Bengal has always been a great cultural centre, especially for classical music. My guru and father, Ustad Haafiz Ali Khan Saheb, used to spend several months in a year in Kolkata. On his invitation, the great tabla guru Maseet Khan of Rampur came to Kolkata and settled there. My first concert in Kolkata was at the age of 12, and Maseet Khan’s famous son Karamatullah Khan played the tabla with me. The contributions of R.C. Boral, Jnan Prakash Ghosh and Hiroo Ganguly to the tabla are also well known.
I had the honour of playing many concerts with tabla maestros Kanai Dutt and Shyamal Bose. But most of my concerts were with Pandit Shankar Ghosh, whom I affectionately call Shankarda. In 1966-67, the prisoners of Alipore Jail wanted to listen to my sarod recital. So, the jailor and the police authorities of Kolkata approached me, and I invited Shankarda to play the tabla with me for the prisoners. Before our concert, there was a vocal recital by a classical singer, and her music was full of melancholy and sadness. Shankarda, in his typical humorous style, remarked, “Have we come to the jail to give the prisoners happiness, pleasure, joy, or have we come here to add to their sadness and depression?” I got Shankarda's message, and planned the concert in such a way that after the concert all the prisoners gave us delicious food and Bengal's very own mishti. The legendary tabla maestro is now in coma in Kolkata, and we are all praying for Shankarda's speedy recovery.
Pandit Kanai Dutt and Pandit Shyamal Bose, both from Bengal, also contributed to popularising the tabla all over India. These three tabla legends are often referred to as 'the tabla trinity'. The fascination of tabla, especially in Bengal, is unbelievable. Shankarda has taught the tabla to thousands of young students. His son, Bickram Ghosh, has become a multidimensional and multifaceted musician. Both his eminent disciples, Tanmoy Bose and Bickram, are carrying forward his legacy.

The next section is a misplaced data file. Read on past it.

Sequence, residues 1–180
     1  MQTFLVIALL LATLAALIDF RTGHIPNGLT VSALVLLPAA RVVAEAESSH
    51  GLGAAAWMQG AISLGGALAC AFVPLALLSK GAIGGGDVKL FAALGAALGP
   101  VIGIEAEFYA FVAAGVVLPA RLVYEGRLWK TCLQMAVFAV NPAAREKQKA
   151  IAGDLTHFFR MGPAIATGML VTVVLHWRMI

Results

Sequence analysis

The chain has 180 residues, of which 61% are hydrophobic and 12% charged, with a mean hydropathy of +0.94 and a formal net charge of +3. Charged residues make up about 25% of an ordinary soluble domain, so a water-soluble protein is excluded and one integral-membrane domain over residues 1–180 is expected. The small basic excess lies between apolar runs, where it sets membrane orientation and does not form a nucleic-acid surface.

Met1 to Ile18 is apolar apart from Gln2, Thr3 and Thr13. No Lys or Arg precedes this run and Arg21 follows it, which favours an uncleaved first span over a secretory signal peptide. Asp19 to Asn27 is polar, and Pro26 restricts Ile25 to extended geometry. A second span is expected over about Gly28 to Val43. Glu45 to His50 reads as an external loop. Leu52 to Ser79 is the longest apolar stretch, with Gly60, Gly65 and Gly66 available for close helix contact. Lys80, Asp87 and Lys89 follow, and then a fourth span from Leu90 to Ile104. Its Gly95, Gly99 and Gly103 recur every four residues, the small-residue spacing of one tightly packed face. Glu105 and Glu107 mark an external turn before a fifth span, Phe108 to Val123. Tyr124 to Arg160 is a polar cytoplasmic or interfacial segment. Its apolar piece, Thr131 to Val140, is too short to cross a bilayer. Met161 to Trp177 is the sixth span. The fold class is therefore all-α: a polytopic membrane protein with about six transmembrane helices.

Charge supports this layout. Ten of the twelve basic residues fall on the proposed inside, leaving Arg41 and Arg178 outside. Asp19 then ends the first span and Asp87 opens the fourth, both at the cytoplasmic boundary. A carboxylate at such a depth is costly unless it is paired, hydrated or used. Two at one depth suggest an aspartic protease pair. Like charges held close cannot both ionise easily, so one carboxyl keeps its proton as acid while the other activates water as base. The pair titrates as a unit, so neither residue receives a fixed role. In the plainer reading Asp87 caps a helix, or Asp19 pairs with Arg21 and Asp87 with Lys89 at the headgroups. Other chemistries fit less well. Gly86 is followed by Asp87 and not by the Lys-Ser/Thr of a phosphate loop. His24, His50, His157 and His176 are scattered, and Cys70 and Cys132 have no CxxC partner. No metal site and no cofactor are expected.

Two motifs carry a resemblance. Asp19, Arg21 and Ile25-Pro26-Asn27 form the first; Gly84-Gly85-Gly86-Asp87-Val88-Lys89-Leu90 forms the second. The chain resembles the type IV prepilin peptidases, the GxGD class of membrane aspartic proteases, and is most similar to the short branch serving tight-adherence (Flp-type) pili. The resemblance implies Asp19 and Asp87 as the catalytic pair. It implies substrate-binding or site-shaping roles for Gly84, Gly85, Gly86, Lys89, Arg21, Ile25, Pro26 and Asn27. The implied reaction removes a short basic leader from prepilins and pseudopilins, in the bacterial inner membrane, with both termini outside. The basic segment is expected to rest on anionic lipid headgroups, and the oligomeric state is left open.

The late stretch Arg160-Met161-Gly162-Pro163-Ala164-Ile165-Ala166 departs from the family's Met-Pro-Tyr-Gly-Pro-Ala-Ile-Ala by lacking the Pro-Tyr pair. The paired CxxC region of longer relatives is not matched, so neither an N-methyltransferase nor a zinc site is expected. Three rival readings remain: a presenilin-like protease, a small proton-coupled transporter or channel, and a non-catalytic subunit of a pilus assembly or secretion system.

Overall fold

Shankarda's illustrious career has many highlighted moments. One such moment was when he visited the United States in 1962. For the next ten years, he experimented with a variety of percussionists from the west. He also joined hands with immortal bands like the Grateful Dead (whose drummer Mickey Hart was Shankarda's student), and performed with renowned saxophonist John Handy. It was during this phase that the desire to create the all-drum orchestra Music of the Drums (later rechristened as the Calcutta Drum Orchestra) took seed in his mind. The orchestral dimension was brought in by Shankarda, who created a wondrous orchestra that held audiences mesmerised for three hours, dumbstruck in the world woven by the master percussionist.
Kolkata was also home to the Blessed Mother Teresa, where she lived for most of her life. I am so happy to hear that Mother Teresa will be elevated to sainthood. She was an epitome of compassion and service to mankind. My sincere congratulations to Missionaries of Charity on this joyful announcement. Wish you all Merry Christmas and a super musical 2016!